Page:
In anticipation of his presentation at eMetrics Summit in New York City, October 23-27, 2016, we asked Andrew Goodman, President of Page Zero Media, a few questions about digital marketing analytics. Check out Andrew’s interview in relation to his eMetrics Summit presentation entitled, What *Shouldn’t* PPC Managers Be Managing?
Q: What was the most surprising insight you or a client discovered recently?
Andrew: It sounds cliché given the many years of buildup around the importance of mobile, but a massive change in behavior has come about in the past 18 months. Consumers are coming close to being equally willing to transact e-commerce purchases, even multi-stage processes, through their smartphones; i.e. the conversion rates aren’t just “acceptable,” they’re nearly identical to larger devices.
Given the fact that we’re now satisfying consumers at the level of basic functionality, won’t it be interesting to see how consumers adopt more proactive applications that will literally “do their shopping” for them based on a few directives via voice search?
Not everything wants or needs to come to your door in a box. But we should, therefore, expect ongoing change in how retail spaces and logistics work, so that consumers could pick up their purchases at retail locations without going through a whole song and dance. As things stand now, I’d characterize “in-store pickup from online purchase” at, say, Best Buy, as still “going through a whole song and dance.” I think they still try to sell you the extra warranty when you show up in store. Arggh!
You tell ’em, John Pinette!
It’s worth asking: will the big brick-and-mortar retailers (such as grocery stores) adapt to this world, or is it going to take technology pure plays — perhaps even massive investments in new ones — to grab the consumer’s attention with regard to minimizing the effort to create recurring purchase lists available for pickup with virtually no annoying interactions with pesky humans?
Q: What still doesn’t work that we should have fixed by now?
Andrew: The Google Display Network. Much of the Display world generally forces substandard, remnant, or fraudulent publishers down the advertiser’s throat if they want access to cool targeting or reach. Someone needs to come in like Eliot Ness and clean up this town. I nominate Microsoft for the task, since they’re the only credible check on the current power of Google and Facebook. I’ll listen if someone has a better idea.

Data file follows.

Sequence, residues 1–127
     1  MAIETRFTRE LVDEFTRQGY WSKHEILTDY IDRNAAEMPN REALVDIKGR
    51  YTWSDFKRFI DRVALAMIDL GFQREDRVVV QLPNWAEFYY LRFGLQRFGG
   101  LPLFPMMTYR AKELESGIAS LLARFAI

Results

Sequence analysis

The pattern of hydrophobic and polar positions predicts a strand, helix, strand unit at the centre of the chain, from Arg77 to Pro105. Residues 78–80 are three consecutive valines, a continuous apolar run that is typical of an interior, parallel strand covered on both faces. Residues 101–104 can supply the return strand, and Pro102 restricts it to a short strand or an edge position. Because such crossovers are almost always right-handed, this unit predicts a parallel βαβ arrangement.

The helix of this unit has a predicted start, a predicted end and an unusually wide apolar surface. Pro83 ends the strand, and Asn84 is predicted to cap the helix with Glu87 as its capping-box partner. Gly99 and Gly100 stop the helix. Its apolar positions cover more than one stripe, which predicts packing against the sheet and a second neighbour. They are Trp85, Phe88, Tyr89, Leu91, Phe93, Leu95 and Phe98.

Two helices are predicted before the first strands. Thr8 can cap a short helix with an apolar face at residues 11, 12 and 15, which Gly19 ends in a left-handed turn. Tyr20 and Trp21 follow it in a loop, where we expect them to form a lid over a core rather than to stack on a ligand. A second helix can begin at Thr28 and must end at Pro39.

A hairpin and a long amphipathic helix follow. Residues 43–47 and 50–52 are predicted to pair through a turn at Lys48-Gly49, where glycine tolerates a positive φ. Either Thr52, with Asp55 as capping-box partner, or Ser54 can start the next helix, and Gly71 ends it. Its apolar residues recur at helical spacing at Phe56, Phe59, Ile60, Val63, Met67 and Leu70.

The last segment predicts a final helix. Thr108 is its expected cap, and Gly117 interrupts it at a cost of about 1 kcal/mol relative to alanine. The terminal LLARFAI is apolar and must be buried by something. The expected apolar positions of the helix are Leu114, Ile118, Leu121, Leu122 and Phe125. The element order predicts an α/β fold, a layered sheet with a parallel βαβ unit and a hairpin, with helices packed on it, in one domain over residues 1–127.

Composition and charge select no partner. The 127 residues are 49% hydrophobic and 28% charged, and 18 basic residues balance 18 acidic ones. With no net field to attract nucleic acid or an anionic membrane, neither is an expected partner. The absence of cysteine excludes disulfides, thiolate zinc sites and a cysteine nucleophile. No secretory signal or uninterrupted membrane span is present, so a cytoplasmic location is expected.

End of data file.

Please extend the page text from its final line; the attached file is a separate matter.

Q: What’s the one thing companies consistently get wrong about analytics?
Andrew: Two things, if I may:
1. Looking at too many non-actionable analytics that lead to make-work reports and meetings about secondary topics. It is of course useful and interesting to explore the texture of a business beyond primary KPI’s, but you can usually tell if someone is crossing a line into mystery meat metrics.
2. Committing any number of sins against the laws of probability and randomness. Fooled by Randomness by Nassim Taleb, and The Improbability Principle by David J. Hand, are two excellent resources to guard against making silly assumptions about what randomness “looks like.”
People who have an advanced background in the financial markets or baseball statistics seem to be relatively immune to such folly. Looking backwards at data you can always identify segments (even tiny ones, like low-volume keywords, or Tuesday between 4 a.m. and 8 a.m.; or in the case of baseball, who was the “streakiest hitter” that year, or who hit best with runners in scoring position) that happened to underperform or outperform that week or month. It’s inevitable that a couple of laggards will finish at the bottom of any list, but is their presence at the bottom of the list meaningful or persistent? Chasing random numbers, rather than meaningful patterns, would of course be busywork at best, and counterproductive at worst.